|Recommended Name:||Latvian pattern.|
These designs were selected from a competition in 1923. The artist was Stefans Bercs. Some cards show persons related tothe "Bear Slayer" saga written by the Latvian poet Andrejs Pumpurs, with Lacplecis the bear hunter on J. Others show people wearing traditional Latvian costumes.
The cards became the most popular in Latvia until the end of World War II (before the second Soviet occupation).
In 1959 these cards were published again in Sweden. The design was revised by Normunds Hartmanis. The publisher "Daugava" issued the pack for Latvians in exile. The issuer's name was placed on A, as is usual on Latvian cards.
There is a difference between the designs produced in Latvia and those made in Sweden. All ornamental swastika signs on court ards and Aces in the Swedish version are modified (on A, J) or eliminated (on K, Q, Q, J). The jokers in the two packs are also different.
In the Swedish version all cards have a frame; on Latvian cards only the court cards have a frame. The ornaments on A and A are similar in both versions. According to a law the Latvian Red Cross had been receiving dividends from the production and sale of playing-cards since 1922. Therefore a special sign and stamp were placed on A. During war time the Red Cross sign on A was replaced by the logo of Tautas palidziba (The Folk's Help), and in Sweden by the logo of Apgads Daugava (Daugava Publishers). Daugava is the biggest river in Latvia.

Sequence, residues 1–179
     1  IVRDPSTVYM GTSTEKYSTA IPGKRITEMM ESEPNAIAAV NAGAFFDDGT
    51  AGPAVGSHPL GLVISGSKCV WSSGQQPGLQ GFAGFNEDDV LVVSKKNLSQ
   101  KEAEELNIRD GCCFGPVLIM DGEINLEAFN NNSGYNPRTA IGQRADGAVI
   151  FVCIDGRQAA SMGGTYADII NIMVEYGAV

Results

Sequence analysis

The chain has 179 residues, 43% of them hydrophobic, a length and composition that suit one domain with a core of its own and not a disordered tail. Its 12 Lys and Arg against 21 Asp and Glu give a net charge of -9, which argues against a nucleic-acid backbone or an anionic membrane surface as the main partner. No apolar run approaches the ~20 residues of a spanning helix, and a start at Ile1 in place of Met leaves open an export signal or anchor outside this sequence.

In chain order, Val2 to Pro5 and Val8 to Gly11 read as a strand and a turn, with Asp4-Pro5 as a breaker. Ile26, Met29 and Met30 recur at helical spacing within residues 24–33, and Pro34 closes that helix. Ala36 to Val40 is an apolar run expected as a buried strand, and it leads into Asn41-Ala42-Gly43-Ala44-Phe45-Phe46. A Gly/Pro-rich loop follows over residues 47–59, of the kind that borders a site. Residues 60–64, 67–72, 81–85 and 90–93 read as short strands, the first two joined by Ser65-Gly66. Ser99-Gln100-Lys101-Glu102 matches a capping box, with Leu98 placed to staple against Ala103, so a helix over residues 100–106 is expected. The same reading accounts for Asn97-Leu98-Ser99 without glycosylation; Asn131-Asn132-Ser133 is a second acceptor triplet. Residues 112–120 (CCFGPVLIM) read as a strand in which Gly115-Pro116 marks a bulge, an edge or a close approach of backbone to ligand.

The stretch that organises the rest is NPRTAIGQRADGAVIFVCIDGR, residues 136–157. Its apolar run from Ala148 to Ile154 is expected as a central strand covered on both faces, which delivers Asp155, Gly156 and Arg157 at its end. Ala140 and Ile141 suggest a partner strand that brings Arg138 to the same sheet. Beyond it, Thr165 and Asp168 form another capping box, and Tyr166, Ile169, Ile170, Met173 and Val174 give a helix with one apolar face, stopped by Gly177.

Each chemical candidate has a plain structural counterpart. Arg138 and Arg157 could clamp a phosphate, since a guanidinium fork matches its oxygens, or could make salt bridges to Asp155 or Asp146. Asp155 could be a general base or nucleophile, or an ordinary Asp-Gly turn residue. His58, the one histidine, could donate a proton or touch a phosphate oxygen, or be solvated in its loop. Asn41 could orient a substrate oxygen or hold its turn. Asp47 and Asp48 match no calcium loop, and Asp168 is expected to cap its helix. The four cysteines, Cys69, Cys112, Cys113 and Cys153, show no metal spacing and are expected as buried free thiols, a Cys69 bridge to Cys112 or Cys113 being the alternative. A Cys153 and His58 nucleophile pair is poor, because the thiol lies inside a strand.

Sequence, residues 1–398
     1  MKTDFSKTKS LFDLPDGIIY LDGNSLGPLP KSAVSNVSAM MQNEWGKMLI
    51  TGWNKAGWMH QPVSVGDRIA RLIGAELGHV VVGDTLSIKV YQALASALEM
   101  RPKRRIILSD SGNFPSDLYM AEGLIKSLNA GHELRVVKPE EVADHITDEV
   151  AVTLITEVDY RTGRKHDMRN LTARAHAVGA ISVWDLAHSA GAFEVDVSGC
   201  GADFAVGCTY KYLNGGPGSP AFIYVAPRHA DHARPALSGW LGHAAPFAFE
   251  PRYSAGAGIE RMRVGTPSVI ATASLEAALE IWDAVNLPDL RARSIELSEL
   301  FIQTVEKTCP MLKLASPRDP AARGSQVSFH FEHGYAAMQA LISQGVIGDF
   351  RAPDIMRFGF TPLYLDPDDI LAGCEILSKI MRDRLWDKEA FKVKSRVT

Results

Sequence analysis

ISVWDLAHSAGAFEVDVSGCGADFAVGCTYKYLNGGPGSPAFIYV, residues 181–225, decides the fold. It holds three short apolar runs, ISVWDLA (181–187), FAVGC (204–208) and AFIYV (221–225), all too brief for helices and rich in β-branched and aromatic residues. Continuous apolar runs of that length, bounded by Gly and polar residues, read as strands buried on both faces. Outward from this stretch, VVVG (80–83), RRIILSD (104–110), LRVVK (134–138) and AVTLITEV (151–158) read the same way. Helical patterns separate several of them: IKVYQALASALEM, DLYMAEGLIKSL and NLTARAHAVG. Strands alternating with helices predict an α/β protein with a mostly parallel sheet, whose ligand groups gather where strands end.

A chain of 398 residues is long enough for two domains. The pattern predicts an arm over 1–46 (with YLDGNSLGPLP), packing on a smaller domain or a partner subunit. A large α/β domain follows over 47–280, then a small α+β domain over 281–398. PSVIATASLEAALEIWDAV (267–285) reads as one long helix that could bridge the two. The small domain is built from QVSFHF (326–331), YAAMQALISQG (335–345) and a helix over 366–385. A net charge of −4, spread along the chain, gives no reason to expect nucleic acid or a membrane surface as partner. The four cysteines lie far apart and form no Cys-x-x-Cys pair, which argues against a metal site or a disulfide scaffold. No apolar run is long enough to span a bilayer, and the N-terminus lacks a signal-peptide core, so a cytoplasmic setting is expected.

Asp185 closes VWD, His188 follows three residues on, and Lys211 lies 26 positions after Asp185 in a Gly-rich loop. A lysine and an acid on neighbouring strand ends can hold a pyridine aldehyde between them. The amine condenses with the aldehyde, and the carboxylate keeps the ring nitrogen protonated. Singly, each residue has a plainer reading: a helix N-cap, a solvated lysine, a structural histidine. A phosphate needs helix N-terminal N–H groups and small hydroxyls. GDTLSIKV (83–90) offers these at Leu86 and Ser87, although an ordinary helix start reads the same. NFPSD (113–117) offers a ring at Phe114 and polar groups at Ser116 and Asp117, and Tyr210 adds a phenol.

King (Kungs), Queen (Dama), Jack (Sulainis) and Ace (Duzis) with numerals. In Latvia usually 52 cards + 1 Joker, or packs with less numerals: 10-6, or 10-7. In Sweden usually 52 + 2 identical Jokers.
In Latvia until the end of WW2:
Hermann Ussleber, c.1925;
Ernst Plates S.A. Lithography, c.1930;
Latvian Printing House of Bonds, c.1942;
P. Mantinieks' Institute of Cartography;
all in Riga.
Ulrich Knüpfer: Vom Baltikum zum Balkan, Köln, 2004, pp. 32,33,37.
|A from a pack by Plates S.A., Riga, c.1935.|
|Top three rows: Ernst Plates S.A., Riga, c.1935;|
bottom three rows: Öberg, Eskilstuna, c.1960.
|The International Playing-Card Society||3/2007 JM|